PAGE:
Lollapalooza, the largest music festival in Chicago, is days away.
Chicagoans and visitors from across the county are set to gather at full capacity at the city's Grant Park to enjoy live music for four days starting Thursday.
Lollapalooza begins on July 29 and will run through Aug. 1. The music festival will be held at Grant Park, located at 337 E. Randolph St.
The main entrance for Lollapalooza is located on Michigan Avenue, with a second entrance on Monroe Avenue.
So how do you get there?
The Chicago Transit Authority provided ways to travel to and from the music festival with more ease.
“Metra is thrilled to welcome back Lollapalooza fans from around the world as they fill our City with music and much-needed joy after the difficult year we’ve all had,” said Metra CEO Jim Derwinski in a statement. “Our added service and All-Day passes mean your transportation to and from downtown will never be more than $10. Public transit is clearly the most convenient and economic way to get to the festival.”
Traveling by Metra train:
Throughout the four-day festival, Metra will be providing extra trains, expanding passenger capacity and adjusting schedules on the majority of the lines in anticipation of a ridership increase, Metra said.
Metra is offering a $10 unlimited All-Day Pass on weekdays on all Metra lines. During the weekend, riders can either purchase a $7 Saturday or Sunday pass for unlimited travel or a $10 Weekend Pass for unlimited travel on both Saturday and Sunday.
All riders are encouraged to buy their tickets through the Ventra app before boarding the train. They are also asked not to bring backpacks or water bottles during this four-day event. Alcohol will be banned on Metra trains throughout the event.
Traveling by bus:
For Metra riders arriving at Union Station and Ogilvie Transportation Center, CTA buses will provide trips to and from the festival.
CTA and Metra will place signboards directing riders to the appropriate CTA bus route, the company said. Buses themselves will also have signs on their windows indicating they serve routes to Lollapalooza.
CTA and Metra gave recommendations on which buses to board.
From Ogilvie Transportation Center (serving Metra Union Pacific/North, Union Pacific/Northwest and Union Pacific/West Lines):
- Exit at the Washington side of the station and board an eastbound #J14 bus for direct service to Grant Park
- The #20 and #56 buses are also options, with Lollapalooza’s north gate a five-block walk southeast from each routes’ last stop
- The #130 bus, which boards on Clinton Avenue along the west side of the station at Washington or Madison Streets will also be available
From Chicago Union Station (serving Metra BNSF, Milwaukee District/West, Milwaukee District/North, North Central Service, SouthWest Service and Heritage Corridor, as well as Amtrak lines):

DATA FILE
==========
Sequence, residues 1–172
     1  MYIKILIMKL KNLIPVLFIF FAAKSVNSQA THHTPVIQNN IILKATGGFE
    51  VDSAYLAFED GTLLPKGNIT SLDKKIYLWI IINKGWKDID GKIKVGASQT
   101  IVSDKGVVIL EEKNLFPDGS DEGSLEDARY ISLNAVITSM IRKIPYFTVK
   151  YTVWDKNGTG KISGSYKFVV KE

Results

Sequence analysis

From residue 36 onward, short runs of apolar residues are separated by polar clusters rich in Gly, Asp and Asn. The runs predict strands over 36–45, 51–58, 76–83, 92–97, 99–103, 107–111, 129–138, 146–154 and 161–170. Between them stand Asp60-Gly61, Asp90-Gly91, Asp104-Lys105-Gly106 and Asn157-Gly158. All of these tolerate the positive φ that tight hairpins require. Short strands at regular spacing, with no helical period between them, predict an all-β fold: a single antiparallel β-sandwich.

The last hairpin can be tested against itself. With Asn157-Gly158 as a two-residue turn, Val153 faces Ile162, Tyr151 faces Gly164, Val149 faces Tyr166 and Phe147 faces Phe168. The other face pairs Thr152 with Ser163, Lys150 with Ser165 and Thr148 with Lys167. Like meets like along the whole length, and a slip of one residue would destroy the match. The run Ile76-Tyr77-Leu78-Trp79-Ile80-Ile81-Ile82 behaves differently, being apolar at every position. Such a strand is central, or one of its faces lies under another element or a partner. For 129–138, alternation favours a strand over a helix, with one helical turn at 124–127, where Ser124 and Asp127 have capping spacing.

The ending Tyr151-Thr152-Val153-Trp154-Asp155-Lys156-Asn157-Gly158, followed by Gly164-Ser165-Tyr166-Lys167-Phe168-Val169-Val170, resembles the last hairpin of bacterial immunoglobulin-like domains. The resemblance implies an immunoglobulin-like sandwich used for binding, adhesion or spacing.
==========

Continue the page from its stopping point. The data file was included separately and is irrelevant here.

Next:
- Exit Union Station through the Jackson Boulevard exit and board an eastbound #126 bus on Jackson at the Chicago River for direct service to Grant Park
- Another option is to take the #130 bus from the Jackson/Riverside stop, with the Lollapalooza West Gate a two-block walk east from the State/Harrison stop
Traveling by CTA train:
During the festival, additional and/or longer trains will be operating on the Red, Blue, Brown, Green, Orange and Yellow lines, CTA said. The Yellow line will also include extended hours until 1 a.m.
According to CTA, the best way to travel the train lines to get to Grant park is:
- From the Brown, Orange, Pink and Green lines, exit at Adams/Wabash or Harold Washington Library-State/Van Buren
- From the Blue Line, exit at Monroe, Jackson or LaSalle
- From the Red Line, exit at Monroe, Jackson or Harrison
Each station is near an entrance to Lollapalooza.
CTA is offering a “More Fun, Less Fare” summer promotion. The company dropped the prices down to $5 for a single-day pass, $15 for a three-day pass and $20 for a seven-day pass. Riders can also pay as they go for $2.25 for the bus and $2.50 for the train using Apple Pay, Android Pay, Samsung Pay or other contactless methods.
CTA and Metra are expecting larger crowds and socially distancing may not be possible, they said. However, masking up is still required for both.
Traveling by driving, walking, biking, Uber/Lyft:
Driving is also an option for attendees. However, there is no official parking at the festival, so visitors will need to find somewhere park near Grant Park.
Street closures have also begun due to the festival.
Balbo Drive and Jackson Drive from Columbus Drive to Jean Baptiste Point du Sable Lake Shore Drive will be closed, according to the Chicago Office of Emergency Management and Communications.
Balbo Drive and Jackson Drive from Michigan Avenue to Columbus Drive will also be closed starting Monday at 8 p.m. through Aug. 2, Chicago OEMC said in a tweet.
OEMC also noted that Columbus Drive from Monroe Street to Roosevelt Road will be closed starting Monday at 8 p.m. through Aug. 2.
Walking and biking is available to the festival. Ogilvie Transportation Center is 1.1 miles away from Grant Park and would be about a 24-minute walk. The Chicago Union Station is 0.9 miles away from Grant Park and would be about an 18-minute walk.
Divvy Bikes are available on a first-come-first-serve basis with multiple bike stations around both Metra stations and Grant Park.
Uber and Lyft will be available, but likely with higher demand.